District 16’s Area 1 Zonta club, called the Zonta Club of Hatea­‐Whangarei ,came into being in 1993 because the existing Zonta Club of Whangarei had become so large. It had 60 members, and a group of an additional thirty five women had indicated they wished to join the organisation. They were described as, young , vibrant and enthusiastic. They came from a wide range of occupations and were keen to give service to the community. Anne Richards was the inugural President of our club chartered on 3rd August 1993. She was a member of the established club and was willing to shoulder the responsibility of leading this newly formed club, Charter number 1427.

At our Charter Dinner on the 4th of September 1993 we hosted some important guests. They included District Governor Joan ‐ Mary Longcroft, (Past District Governor) and inspirational Guest Speaker, Cherry Raymond, Mary Kincaid (District Governor elect) Lorna McIntosh (Area 1 Director,) John Banks (our local M.P.) and Whangarei Deputy Mayor Graeme Broughton. Ultimately, our Zonta Club chartered with 21 active and committed members.

Initially, we experimented with fundraising projects like the Great New Zealand Picnic and had considerable success for two years. However collecting donated books for resale to raise funds for numerous organisations seeking support became the major fundraising venture for our club from 1995. At the time of our first book sale membership had risen to 24. After that some of the members sought sponsorship from the local business community to develop a Whangarei Women’s Business and Trade Directory.

In 1996 Zonta Hatea Whangarei organised a Women in Business Award described by the local newspaper as looking’ set to become the Oscar of the North’.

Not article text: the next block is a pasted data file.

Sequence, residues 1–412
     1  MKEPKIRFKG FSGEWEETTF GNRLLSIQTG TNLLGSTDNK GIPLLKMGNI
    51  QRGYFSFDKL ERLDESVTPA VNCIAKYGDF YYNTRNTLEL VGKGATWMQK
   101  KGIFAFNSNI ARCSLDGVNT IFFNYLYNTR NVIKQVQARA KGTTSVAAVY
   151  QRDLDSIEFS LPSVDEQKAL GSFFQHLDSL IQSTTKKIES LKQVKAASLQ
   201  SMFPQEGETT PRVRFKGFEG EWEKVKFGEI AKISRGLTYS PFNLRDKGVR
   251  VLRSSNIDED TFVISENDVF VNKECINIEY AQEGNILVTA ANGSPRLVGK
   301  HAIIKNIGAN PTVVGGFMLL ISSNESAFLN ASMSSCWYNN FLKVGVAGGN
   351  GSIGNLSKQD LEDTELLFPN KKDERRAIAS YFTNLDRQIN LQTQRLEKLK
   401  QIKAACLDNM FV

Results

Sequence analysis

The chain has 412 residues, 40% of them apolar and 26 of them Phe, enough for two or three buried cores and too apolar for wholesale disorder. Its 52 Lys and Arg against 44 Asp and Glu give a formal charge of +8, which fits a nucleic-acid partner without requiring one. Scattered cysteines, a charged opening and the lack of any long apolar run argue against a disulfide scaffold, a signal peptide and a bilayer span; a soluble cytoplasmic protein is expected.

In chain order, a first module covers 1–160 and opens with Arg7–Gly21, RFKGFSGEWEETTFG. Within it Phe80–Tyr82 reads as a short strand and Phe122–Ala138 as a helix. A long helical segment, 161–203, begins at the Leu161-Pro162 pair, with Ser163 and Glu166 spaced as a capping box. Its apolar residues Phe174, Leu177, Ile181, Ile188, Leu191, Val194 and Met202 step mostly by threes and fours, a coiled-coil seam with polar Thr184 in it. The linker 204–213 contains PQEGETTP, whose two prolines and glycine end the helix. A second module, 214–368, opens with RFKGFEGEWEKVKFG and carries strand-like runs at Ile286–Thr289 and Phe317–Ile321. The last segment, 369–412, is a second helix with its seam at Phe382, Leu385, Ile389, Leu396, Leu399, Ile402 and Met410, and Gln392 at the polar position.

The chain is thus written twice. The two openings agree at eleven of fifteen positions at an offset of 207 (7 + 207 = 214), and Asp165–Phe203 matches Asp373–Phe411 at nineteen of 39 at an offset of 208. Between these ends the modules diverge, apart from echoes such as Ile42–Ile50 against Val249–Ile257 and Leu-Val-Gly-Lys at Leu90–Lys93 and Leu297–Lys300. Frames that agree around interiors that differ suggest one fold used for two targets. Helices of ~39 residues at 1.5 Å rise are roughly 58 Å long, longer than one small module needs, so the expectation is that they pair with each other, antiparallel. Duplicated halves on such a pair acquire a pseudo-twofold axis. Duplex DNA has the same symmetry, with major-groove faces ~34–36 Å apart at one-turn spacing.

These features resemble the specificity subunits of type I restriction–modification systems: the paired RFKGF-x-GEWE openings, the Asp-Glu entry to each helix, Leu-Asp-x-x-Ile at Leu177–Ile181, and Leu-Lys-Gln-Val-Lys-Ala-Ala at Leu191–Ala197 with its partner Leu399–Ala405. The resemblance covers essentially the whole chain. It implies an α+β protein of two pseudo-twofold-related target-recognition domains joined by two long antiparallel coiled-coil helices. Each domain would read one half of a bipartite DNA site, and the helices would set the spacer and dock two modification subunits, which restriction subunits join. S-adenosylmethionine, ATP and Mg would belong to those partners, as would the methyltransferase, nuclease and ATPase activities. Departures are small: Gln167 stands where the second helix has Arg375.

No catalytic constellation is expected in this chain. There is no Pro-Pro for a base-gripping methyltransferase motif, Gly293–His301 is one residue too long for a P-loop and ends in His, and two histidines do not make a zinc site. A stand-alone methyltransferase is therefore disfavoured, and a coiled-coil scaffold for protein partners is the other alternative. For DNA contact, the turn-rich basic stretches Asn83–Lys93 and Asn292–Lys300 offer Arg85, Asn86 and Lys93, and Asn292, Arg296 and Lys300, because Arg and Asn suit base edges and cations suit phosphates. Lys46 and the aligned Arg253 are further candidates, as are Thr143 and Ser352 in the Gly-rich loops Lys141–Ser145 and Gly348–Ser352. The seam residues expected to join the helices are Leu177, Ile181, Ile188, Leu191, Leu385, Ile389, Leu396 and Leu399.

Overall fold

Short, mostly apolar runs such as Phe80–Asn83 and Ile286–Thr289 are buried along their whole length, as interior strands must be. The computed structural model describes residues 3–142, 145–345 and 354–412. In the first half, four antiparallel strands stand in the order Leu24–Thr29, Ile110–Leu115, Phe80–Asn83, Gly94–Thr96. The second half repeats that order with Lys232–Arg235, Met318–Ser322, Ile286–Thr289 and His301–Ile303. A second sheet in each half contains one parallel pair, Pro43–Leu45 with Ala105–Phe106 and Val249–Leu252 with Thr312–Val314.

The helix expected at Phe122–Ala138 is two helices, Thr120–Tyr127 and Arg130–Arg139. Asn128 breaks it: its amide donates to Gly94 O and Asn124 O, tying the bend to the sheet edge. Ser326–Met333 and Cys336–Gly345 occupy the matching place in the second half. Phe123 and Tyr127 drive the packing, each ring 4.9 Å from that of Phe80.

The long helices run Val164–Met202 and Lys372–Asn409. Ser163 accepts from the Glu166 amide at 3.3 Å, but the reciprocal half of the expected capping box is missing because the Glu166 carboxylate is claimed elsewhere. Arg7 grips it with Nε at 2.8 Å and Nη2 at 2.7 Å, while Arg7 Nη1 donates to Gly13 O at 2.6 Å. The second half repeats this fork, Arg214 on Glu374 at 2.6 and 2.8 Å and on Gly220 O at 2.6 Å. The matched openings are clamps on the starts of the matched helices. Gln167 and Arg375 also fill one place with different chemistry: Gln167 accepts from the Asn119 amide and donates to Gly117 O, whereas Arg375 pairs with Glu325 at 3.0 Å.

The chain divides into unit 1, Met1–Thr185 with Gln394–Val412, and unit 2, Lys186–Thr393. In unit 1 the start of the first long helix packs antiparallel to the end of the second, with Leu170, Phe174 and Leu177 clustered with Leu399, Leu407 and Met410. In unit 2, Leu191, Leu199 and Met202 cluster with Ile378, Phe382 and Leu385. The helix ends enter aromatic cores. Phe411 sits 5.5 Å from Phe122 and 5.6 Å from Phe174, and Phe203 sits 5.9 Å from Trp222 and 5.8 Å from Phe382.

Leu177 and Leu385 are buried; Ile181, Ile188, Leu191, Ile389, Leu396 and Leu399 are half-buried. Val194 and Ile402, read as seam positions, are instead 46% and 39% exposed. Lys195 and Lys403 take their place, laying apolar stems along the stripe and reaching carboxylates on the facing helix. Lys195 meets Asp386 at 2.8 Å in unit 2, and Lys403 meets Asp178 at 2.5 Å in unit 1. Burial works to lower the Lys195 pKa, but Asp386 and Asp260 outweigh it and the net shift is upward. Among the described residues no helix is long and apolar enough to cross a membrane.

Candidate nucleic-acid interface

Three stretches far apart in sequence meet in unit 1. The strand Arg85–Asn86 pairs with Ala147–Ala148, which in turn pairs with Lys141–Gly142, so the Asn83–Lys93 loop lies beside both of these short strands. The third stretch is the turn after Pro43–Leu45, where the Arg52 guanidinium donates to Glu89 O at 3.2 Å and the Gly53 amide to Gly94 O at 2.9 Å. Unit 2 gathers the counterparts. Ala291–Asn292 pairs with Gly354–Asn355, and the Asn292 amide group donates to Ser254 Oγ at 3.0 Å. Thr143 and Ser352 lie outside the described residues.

Movie Champagne Breakfasts for the Miriam Centre, Creative Christmas Schemes and Themes to raise funds for the Women’s Refuge and a sausage sizzle to help a young school girl get to Brisbane Australia to sing with the New Zealand Choir all took place along with book sorting in 1997.

During that year the 4th Biennial District 16 Conference was held in Forum North Whangarei and both clubs worked together to ensure it was a successful and informative programme.

In 1998 Awards were created for women who contributed significantly to their community. All the while members were engaged in the ongoing process of collecting and sorting books for the Great New Zealand Book sale which continued to grow like Topsy!,

This activity certainly filled the need of members for fellowship but in almost all years to date, Christmas parties involving partners, dinners, shows and combined excursions with members of the Whangarei club to Area One meetings and International Women’s Day breakfasts have been opportunities for additional support.

In 1999 members refined their acknowledgement of those dedicated community-­‐based women identifying them with certificates, as “Unsung Heroines” of the Community and their contribution was acknowledged in the local paper. Scholarships and The Zonta Great New Zealand Book Sale assumed greater prominence in the local community.

Hatea was the first Zonta Club in New Zealand to produce breast cushions for mastectomy patients. Over the past six years Anne Richards and her small team of helpers have made 600 breast cushions
for women recovering from breast cancer. They are distributed to Hospitals and other organisations to pass on at no cost to the patient. Financing this project is sustained by funds raised through the book sale and donations.